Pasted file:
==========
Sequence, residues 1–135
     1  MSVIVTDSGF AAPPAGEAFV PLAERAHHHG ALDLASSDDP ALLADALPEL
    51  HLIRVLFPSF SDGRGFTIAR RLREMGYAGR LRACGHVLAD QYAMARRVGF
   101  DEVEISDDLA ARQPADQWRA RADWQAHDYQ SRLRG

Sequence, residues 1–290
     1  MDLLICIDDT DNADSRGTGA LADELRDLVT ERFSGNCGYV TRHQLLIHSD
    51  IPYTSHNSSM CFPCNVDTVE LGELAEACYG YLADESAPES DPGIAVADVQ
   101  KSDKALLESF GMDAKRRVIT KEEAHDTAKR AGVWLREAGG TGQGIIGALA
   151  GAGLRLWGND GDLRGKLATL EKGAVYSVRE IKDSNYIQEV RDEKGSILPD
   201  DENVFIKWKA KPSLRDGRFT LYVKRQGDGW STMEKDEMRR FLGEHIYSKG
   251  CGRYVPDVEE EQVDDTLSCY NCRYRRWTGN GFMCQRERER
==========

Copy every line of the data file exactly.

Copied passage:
Sequence, residues 1–135
     1  MSVIVTDSGF AAPPAGEAFV PLAERAHHHG ALDLASSDDP ALLADALPEL
    51  HLIRVLFPSF SDGRGFTIAR RLREMGYAGR LRACGHVLAD QYAMARRVGF
   101  DEVEISDDLA ARQPADQWRA RADWQAHDYQ SRLRG

Sequence, residues 1–290
     1  MDLLICIDDT DNADSRGTGA LADELRDLVT ERFSGNCGYV TRHQLLIHSD
    51  IPYTSHNSSM CFPCNVDTVE LGELAEACYG YLADESAPES DPGIAVADVQ
   101  KSDKALLESF GMDAKRRVIT KEEAHDTAKR AGVWLREAGG TGQGIIGALA
   151  GAGLRLWGND GDLRGKLATL EKGAVYSVRE IKDSNYIQEV RDEKGSILPD
   201  DENVFIKWKA KPSLRDGRFT LYVKRQGDGW STMEKDEMRR FLGEHIYSKG
   251  CGRYVPDVEE EQVDDTLSCY NCRYRRWTGN GFMCQRERER